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Residents take holiday spirit to new level for Crown Point's Tour of Lights

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CROWN POINT — For John Goodwin, the weeks he spends designing the blend of colors for his Christmas lights and the holiday decorations he places on his Court Street home is his gift to Crown Point.

And the annual Crown Point Tour of Lights that Goodwin's home is a part of is a gift to the city's residents and visitors during the holiday season.

“Families like to decorate their houses and really showcase them and we thought it would be pretty cool to give tours,” Mayor David Uran said. "We want to give them recognition for taking the holiday spirit to a new level. And then at the same time make it a great evening for families."

The mayor's Office of Special Events partners with the Crown Point Public Library on the Tour of Lights, which began in 2009 when it was known as the "Griswold Tour of Lights" in honor of the 1989 film "National Lampoon's Christmas Vacation." It has grown over the years with this year's event expanding to six days of stories and tours. 

"It has become so popular as a fun, free family event," Special Events Administrator Diana Bosse said. 

The tours kick off with a reading of the holiday story "Polar Express." Bosse said many of the children come dressed in their pajamas for the story time. The trolley tour begins 30 minutes later with visits to home's like Goodwin's, who adds something new each year to his display.

"I try to make it look artistic," Goodwin said. "Have some style and class to it. This year I added seven high-powered laser lights."

Goodwin said he began installing holiday lights on his home in 1987. Back then he used "old style" lights that blew out his circuit breakers. So Goodwin did what any Griswold would do. 

"I added power," he said.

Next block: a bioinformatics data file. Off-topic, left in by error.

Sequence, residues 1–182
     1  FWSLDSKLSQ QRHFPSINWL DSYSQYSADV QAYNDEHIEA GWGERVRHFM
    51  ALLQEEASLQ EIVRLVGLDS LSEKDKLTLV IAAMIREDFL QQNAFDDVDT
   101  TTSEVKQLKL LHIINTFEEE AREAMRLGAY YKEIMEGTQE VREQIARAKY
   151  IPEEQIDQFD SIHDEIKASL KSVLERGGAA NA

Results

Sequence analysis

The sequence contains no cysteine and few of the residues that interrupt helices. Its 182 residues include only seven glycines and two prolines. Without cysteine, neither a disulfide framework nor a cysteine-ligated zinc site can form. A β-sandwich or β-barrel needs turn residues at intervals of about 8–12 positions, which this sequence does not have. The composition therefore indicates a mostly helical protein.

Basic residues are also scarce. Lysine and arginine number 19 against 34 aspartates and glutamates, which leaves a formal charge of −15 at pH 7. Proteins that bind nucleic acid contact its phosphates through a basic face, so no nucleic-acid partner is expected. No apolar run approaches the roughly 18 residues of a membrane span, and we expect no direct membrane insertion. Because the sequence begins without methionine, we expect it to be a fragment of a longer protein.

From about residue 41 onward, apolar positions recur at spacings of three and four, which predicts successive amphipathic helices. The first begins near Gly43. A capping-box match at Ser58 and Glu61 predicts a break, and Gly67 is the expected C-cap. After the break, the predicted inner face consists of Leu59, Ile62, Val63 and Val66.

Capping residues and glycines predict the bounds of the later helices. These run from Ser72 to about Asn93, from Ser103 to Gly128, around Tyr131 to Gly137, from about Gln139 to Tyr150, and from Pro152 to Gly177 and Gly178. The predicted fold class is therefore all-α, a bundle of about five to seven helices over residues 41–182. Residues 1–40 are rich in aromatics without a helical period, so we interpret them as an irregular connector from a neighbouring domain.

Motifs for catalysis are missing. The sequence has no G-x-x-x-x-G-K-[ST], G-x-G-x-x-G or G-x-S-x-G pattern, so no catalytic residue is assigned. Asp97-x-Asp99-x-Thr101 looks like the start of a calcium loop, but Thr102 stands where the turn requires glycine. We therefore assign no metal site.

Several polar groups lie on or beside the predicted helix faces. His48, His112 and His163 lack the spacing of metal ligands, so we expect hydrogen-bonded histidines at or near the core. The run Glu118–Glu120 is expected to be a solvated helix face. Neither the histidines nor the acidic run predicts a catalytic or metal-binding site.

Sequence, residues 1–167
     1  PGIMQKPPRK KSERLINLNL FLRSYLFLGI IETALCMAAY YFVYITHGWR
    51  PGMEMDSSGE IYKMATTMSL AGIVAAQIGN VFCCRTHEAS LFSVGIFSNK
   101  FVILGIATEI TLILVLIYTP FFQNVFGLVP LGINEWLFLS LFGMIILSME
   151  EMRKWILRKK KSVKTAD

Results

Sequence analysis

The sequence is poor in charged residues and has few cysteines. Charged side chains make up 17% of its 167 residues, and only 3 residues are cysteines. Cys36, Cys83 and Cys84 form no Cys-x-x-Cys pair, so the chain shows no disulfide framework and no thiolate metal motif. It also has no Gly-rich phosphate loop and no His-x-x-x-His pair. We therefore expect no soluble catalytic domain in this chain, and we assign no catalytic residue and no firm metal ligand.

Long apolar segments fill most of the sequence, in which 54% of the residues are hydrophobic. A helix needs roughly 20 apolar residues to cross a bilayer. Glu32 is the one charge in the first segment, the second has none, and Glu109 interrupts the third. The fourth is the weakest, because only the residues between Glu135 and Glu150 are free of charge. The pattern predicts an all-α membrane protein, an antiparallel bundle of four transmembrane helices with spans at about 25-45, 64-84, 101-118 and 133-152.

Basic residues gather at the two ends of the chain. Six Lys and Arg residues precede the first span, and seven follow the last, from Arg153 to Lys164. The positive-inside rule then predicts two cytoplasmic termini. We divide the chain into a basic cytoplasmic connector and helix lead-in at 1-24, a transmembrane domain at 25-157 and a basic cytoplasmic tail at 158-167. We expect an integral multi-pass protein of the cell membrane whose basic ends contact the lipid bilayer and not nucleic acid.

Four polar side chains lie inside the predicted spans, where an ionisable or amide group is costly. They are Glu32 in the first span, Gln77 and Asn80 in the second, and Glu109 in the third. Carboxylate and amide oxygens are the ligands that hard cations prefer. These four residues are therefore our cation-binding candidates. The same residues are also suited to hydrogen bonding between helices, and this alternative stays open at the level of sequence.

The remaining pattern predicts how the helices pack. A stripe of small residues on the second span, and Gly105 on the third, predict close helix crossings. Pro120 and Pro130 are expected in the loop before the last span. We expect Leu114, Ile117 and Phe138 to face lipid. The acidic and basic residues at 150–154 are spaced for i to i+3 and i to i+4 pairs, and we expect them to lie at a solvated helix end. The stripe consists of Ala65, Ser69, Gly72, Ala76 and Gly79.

Goodwin started using LED lights when they came around because they used less power. So he put more lights up. 

"With extra power added to the old lights and with the LEDs being so efficient, that's how I can put as many lights up as I can," he said. 

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Crown Point resident John Blech has decorated his home with over 18,000 lights in preparation for the annual Holiday Lights Tour. The free family event includes a reading of "Polar Express."

Goodwin said a lot of people walk around his driveway to get a closer look at the laser lights he has installed in his tall trees. People come from all over to see his lights. 

"I've created a monster," he said. 

During the tour visitors can vote on their favorite display. The winner gets a Moose Mug like the one from "Christmas Vacation." Goodwin has won so many that this year his home is an honorary stop on the tour and not eligible for voting. 

"I have so many mugs that I don't need them anymore," he said. "I'd rather let someone else have the chance." 

Goodwin's neighbor's home is part of the tour this year, as is the home of John Blech, who lives on Greenbriar Court behind High Meadows Pond. Blech has been taking part in the tour for almost every year since it began. 

Blech has been decorating his home for nearly 30 years. He lives in a cul de sac and started putting lights and decorations on the back of his home because more people saw them while driving on Greenwood Avenue near one of the city's main entrances. 

"It just kind of grew from there," Blech said. "One of the reasons I got on the Holiday of Lights Tour was because most people never saw the front of my house. That's why I got motivated to be on the tour."

Except for LED lights on the candy canes he made for his house, Blech said he uses incandescent lights (about 18,000) because they remind him of his childhood's Christmas. He remembers coming home in the evening and that point when he turned the corner and saw his parent's Christmas lights on the bushes. 

"It's kind of reminiscent when I do this every year," he said. 

New on the tour this year is the home of Kristie Dressel, the city's clerk-treasurer. Dressel and her husband have taken past tours with their grandchildren.

"We think Christmas is such a magical time of year for the kids," she said. "We wanted to be a part of that." 

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Lake County reporter

Rob covers urban affairs and other matters in Crown Point, St. John, Winfield and beyond. Previously he covered Valparaiso, Hammond, Gary and East Chicago. He's also written for various magazines and pens a culture blog for The Times.